Bailout’s tax breaks aid ‘dirty fuels’

Times Staff Writer

The renewable-energy tax incentives tucked into the financial bailout package passed by the House on Friday include billions of dollars in breaks for old-fashioned fossil-fuel processes such as liquefying coal and squeezing petroleum out of sand and rock.

These “dirty fuels” are making a tentative comeback among policymakers. Such ventures are aimed at “unconventional” deposits once deemed too expensive or technologically difficult to tap. Backers of the tax breaks believe the substantial incentives might boost these technologies and spur invention of new ones.

“We feel good about the outcome here, in terms of the government supporting our requirements,” said Larry Winter, vice president of Oil Shale Producing Exploration Co., which operates an experimental project in Utah’s Uintah Basin. “As we start to expand our project, we will be looking to build our own refinery. That requires a very large capital investment that requires long-term paybacks. Without government support, they are potentially a nonstarter.”


Critics of the measures note that the breaks run counter to the carbon-reduction message Congress intended when it vowed to bankroll clean, renewable technology. And a substantial portion of the tax breaks go to energy companies already flush with record oil profits.

“This is deeply offensive that they would attach this massive lobby goodie bag to a bill,” said Tyson Slocum of Public Citizen, a Washington-based public interest organization.

“This is a gravy train. The American people are suffering here, and oil companies are getting a tax break. Not even clean energy. This is not a way to make laws. This is not even a way to make sausage.”

The provisions are found in the complicated tax-extenders legislation tacked on by the Senate after the House rejected the original bailout package. Although House members were adamant that the overall tax provisions remain revenue-neutral, the add-ons will cost taxpayers more than $100 billion, according to the Congressional Budget Office.

Managers in the Senate said the energy provisions were needed to make the bailout more palatable to some Western members.

Energy companies say oil prices that exceed $100 a barrel make extracting some of these nonconventional fossil fuels profitable.

A recent report by the Air Force put the cost of building a coal gasification plant at $6 billion or more.

“They are not going to build those because of the massive capital costs,” Slocum said. “This will encourage an industry where no one wants to invest -- for a reason. The question is, should taxpayers’ money be used to shovel subsidies for coal?”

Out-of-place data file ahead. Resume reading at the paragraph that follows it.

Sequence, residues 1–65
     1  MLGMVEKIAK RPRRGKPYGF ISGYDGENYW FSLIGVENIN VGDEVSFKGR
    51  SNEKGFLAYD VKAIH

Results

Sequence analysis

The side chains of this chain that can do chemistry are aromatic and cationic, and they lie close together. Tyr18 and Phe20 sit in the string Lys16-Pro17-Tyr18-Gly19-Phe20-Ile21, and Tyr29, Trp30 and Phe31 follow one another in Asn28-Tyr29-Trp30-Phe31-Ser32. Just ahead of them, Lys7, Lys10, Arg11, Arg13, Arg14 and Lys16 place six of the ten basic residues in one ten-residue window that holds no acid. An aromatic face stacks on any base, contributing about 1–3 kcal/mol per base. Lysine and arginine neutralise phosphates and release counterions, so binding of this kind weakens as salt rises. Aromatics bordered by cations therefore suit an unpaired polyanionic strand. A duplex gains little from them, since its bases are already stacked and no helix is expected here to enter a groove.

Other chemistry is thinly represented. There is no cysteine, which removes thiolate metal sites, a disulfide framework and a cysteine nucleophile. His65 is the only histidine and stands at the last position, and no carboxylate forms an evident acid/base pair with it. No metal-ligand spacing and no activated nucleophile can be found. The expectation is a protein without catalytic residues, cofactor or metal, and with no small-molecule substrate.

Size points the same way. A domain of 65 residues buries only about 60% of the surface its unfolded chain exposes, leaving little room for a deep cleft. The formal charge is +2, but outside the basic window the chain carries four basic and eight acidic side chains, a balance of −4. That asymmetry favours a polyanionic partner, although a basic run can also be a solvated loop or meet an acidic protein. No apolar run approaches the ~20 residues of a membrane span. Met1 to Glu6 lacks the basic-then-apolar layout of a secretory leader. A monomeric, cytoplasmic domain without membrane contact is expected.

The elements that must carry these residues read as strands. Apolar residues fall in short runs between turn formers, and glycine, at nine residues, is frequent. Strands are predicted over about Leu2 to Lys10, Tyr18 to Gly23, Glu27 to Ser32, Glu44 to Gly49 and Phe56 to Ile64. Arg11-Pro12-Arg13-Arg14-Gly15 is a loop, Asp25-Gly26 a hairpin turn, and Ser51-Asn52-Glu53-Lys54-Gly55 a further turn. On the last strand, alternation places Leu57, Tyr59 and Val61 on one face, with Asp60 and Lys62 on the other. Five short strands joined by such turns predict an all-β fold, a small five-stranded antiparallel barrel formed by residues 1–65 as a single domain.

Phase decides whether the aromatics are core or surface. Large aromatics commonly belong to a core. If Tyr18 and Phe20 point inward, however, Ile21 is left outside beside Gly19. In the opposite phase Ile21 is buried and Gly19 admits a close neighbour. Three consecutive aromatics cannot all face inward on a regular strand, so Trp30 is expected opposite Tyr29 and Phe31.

Converting solid coal into a liquid transportation fuel, an industry that does not exist in the United States, could nearly double the global warming effects of the fuel and increase air and water pollution associated with coal mining, according to some scientific estimates. The bill extends production credits for coal gasification plants and includes the end product, aviation fuel, in the alternative fuel category.

The coal investment credit will cost $389 million next year, the CBO said.

Oil shale and tar sands processing are decades-old technologies that have endured drastic boom and bust cycles. Both involve heating sand and hard rock to draw out fossil fuels. Neither has reached commercial production in the United States. Processing oil shale, which is abundant in parts of Colorado, Wyoming and Utah, requires large amounts of water and energy to create a product that must then be refined.

The bailout package includes a 50% tax write-off on refinery construction, which would assist the oil shale and tar sands industries.

The next refinery expected to come on line is the Hyperion Resources Inc. plant in Elk Point, S.D., which would be the first built in the Untied States since 1976, excluding expansions. The facility, which could cost $10 billion, is intended to refine crude oil extracted from tar sands pits in Canada’s Alberta province.

The breaks for refineries are expected to cost $72 million, but, said Bobby McEnaney of the Natural Resources Defense Council, “they are the best guesses from the Congressional Budget Office. There are no industries to use as an economic model.”